Moynahan marks her novelistic debut with a competently crafted ``woman's novel'' of an undemanding if lurid and fairly muddled sort. Beautiful 29-year-old aspiring actress Cordelia Cavanagh works in a health club and lives on New York's West Side. The brutal murder by stabbing of her much-idealized older sister Cynthia, who acted as a surrogate mother during their parents' divorce, drives Cordelia to flamboyantly narcissistic despair. The heroine's prolonged and extreme sufferings--they include self-isolation, anorexia, attempted suicide, cocaine and dangerously rough sex with a sadistic, sinisterly rich older man--lack sufficient motivation to be entirely credible, but Moynahan otherwise draws a convincing portrait of the Cavanagh family's dynamics and an assortment of minor characters. Ultimately, though, despite some promising strengths, the novel fails to rise above the juvenile self-absorption of its heroine. (Jan.)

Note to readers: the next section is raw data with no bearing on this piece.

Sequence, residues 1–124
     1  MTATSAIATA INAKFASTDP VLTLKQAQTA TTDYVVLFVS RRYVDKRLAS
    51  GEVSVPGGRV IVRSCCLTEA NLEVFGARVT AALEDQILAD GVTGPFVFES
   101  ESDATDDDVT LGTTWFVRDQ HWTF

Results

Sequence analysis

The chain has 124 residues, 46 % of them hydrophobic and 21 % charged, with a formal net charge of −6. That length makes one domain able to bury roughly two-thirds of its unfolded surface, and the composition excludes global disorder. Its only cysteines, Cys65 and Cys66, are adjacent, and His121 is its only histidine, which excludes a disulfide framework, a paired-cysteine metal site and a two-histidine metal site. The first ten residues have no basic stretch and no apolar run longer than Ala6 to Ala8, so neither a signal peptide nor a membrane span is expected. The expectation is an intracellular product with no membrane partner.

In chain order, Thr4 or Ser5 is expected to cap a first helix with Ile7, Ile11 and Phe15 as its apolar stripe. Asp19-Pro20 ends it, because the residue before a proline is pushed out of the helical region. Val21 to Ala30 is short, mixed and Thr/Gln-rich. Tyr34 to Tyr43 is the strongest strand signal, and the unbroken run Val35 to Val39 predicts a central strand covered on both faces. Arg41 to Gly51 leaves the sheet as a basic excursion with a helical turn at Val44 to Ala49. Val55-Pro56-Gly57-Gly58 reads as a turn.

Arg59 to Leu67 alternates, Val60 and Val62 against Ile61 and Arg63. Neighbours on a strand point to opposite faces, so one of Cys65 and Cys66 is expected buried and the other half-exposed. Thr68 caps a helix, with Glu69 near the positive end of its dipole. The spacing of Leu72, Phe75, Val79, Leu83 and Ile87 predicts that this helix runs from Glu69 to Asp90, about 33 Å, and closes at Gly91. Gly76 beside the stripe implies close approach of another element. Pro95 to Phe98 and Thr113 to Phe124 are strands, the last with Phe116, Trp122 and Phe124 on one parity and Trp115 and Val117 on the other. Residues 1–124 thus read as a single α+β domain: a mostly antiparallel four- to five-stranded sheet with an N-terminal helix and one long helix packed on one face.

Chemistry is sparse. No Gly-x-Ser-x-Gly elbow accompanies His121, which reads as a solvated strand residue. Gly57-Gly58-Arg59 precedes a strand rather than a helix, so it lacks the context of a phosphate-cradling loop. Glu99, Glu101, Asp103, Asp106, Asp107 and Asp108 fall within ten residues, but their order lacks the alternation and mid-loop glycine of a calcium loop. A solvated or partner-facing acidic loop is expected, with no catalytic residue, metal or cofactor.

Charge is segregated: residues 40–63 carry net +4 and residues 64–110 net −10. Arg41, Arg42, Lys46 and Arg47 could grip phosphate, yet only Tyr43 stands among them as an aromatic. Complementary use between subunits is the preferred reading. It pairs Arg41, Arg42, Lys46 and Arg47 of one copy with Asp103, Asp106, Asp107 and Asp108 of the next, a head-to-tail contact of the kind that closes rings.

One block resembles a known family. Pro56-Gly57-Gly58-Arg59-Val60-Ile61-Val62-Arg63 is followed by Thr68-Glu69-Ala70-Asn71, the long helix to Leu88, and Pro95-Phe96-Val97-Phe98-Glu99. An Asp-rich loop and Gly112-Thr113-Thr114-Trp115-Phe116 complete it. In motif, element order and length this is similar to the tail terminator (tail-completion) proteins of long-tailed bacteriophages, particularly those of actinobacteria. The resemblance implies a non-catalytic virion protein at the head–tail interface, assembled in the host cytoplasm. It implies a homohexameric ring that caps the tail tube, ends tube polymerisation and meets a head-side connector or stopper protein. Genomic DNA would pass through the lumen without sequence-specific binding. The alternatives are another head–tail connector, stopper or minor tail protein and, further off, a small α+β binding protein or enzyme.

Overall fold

Cordelia Cavanagh works as a receptionist at a New York City squash club but aspires to an acting career. After her sister is brutally murdered, she indulges in survivor guilt in the worst way and spends the rest of the novel trying to make sense out of her muddled feelings about her dead sister, her psychologist mother, and her frustrated actor father. Cordelia unwisely hooks up with Philip, a true lowlife, with whom she has fairly graphic but unexciting S & M sex. She also tries anorexia and drugs, to no avail. She finally comes to her senses and seems to resolve her conflict somewhat, but her relationships with various family members and friends remain tenuous. Not an essential purchase (but a nice title).-- Mary K. Prokop, CEL Regional Lib., Savannah, Ga.